Carbon Glacier Trail / Wonderland Trail

Mount Rainier National Park, Washington

Elevation Gain988ft
Trailhead Elevation4,130ft
Elevation Min/Max3270/4130ft
Elevation Start/End4130/4130ft

Carbon Glacier Trail / Wonderland Trail

Carbon Glacier Trail / Wonderland Trail is a hiking trail in Pierce County, Washington. It is within Mount Rainier National Park. It is three miles long and begins at 4,130 feet altitude. Traveling the entire trail is 6.5 miles with a total elevation gain of 988 feet. Along the trail there are a cliff and a viewpoint. Near the end of the trail are a bicycle parking, restrooms, and information guideposts. This trail connects with the following: Wonderland Trail, Wonderland Trail, Carbon River Suspension Bridge, Carbon Glacier Trail / Northern Loop Trail / Wonderland Trail (Detour) and Carbon River Trail.

Carbon Glacier Trail / Wonderland Trail Professional Guides

Detailed Trail Descriptions from Our Guidebooks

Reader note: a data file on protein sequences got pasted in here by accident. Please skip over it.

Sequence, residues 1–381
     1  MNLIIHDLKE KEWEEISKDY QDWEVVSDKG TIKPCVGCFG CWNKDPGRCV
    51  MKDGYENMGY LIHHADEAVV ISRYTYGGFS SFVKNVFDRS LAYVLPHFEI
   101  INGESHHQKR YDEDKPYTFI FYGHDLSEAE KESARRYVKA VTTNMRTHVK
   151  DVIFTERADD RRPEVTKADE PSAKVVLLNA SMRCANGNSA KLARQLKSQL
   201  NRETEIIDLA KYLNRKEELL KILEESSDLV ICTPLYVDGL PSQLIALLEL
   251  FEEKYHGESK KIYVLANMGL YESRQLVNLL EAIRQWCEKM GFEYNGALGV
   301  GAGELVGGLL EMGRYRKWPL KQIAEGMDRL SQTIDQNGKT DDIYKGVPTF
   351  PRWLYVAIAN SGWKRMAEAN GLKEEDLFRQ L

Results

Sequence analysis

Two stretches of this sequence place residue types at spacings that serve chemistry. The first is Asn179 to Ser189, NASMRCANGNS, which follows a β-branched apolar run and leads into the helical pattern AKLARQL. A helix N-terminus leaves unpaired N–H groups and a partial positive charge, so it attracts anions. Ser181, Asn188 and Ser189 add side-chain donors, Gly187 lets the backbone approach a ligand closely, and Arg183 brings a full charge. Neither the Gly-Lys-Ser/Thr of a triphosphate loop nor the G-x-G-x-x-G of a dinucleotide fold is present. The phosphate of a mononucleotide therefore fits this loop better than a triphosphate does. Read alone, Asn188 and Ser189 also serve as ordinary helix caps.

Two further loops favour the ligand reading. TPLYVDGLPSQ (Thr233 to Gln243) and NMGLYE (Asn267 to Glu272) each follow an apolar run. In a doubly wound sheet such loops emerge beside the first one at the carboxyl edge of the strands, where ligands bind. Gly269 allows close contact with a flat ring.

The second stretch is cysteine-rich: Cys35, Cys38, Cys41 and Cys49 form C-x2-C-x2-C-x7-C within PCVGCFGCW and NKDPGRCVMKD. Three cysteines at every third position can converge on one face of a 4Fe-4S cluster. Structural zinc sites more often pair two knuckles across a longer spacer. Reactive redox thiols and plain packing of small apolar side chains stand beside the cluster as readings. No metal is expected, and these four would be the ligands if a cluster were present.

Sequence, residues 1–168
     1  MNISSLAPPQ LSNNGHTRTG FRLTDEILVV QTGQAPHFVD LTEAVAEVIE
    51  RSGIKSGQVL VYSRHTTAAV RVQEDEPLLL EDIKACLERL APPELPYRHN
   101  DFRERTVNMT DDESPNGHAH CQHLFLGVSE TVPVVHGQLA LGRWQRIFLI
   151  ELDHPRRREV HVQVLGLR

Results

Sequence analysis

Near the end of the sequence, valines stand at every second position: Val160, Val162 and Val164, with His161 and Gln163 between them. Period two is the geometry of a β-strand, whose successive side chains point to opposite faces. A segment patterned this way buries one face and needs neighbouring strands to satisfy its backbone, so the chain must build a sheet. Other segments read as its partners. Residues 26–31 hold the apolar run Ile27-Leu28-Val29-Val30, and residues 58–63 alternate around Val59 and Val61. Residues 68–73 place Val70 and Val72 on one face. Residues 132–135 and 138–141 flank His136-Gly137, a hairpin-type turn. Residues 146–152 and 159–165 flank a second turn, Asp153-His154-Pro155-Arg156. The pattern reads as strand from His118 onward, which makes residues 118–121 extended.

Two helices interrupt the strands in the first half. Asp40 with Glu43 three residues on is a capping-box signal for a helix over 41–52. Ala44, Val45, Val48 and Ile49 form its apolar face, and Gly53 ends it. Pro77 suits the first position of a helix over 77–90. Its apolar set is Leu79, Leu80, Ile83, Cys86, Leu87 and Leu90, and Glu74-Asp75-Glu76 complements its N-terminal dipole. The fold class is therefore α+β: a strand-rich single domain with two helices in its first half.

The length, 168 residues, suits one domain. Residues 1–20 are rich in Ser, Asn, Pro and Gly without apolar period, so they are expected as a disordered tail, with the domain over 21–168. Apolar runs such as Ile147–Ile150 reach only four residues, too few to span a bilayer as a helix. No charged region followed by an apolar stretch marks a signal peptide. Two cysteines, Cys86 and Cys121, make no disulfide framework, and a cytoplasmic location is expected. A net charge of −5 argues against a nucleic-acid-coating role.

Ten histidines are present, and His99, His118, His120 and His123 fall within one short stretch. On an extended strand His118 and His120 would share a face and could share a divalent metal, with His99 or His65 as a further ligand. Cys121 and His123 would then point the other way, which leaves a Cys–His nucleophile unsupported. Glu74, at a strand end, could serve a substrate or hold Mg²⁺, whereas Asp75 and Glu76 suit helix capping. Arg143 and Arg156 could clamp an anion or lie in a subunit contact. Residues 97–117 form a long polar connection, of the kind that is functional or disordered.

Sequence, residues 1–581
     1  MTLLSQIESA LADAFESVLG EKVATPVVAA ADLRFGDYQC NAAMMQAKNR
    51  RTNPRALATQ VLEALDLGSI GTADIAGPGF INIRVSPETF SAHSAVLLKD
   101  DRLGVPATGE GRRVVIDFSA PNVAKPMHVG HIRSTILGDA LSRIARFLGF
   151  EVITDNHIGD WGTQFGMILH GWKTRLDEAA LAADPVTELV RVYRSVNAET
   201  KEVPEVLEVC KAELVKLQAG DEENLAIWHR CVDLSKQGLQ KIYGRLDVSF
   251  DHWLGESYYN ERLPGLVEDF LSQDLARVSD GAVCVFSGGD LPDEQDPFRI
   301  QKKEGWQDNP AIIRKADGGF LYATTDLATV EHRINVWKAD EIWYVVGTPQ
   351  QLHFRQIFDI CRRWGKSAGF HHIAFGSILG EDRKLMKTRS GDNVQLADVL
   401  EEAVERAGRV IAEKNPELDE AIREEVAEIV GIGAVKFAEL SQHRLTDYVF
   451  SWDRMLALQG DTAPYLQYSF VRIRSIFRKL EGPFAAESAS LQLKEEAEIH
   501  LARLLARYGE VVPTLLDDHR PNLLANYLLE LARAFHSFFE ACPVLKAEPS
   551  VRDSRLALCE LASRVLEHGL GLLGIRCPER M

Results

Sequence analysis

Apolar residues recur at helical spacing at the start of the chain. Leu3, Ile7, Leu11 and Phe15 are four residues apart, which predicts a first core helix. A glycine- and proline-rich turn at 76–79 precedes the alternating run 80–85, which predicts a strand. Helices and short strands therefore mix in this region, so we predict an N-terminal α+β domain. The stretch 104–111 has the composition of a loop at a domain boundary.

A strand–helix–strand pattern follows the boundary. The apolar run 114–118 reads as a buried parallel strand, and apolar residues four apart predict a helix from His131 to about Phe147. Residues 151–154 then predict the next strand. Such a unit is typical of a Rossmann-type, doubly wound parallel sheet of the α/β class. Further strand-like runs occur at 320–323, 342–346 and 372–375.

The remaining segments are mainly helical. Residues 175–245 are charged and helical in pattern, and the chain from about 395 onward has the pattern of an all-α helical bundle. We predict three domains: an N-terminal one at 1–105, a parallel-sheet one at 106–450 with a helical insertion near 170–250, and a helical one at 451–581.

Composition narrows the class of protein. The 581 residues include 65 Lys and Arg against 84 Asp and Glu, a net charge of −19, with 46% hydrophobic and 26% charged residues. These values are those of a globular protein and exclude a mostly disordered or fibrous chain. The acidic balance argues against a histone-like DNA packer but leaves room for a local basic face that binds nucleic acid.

Day Hiking: Mount Rainier National Park (The Mountaineers Books)
Dan A. Nelson & Alan L. Bauer
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"Though the trail is lovely, it’s not exactly a thrill—not until you reach the end of the route. There, you’ll find yourself swinging on a cable suspension bridge and cooling your heels on an actual glacier. Getting to those highlights, you’ll trek along an old miners’ road paralleling the Carbon River upstream. This frothy river boasts some serious white water, but it’s not because of the rapids (which are generally small and not too frothy). Rather, the whiteness of the water comes from all the powder-fine silt ground up by the moving glacier. This water, known as “glacier milk,” is deathly cold (remember, it’s melted glacier ice from just a few miles upstream), so regardless of the heat, steer clear of the river itself." Read more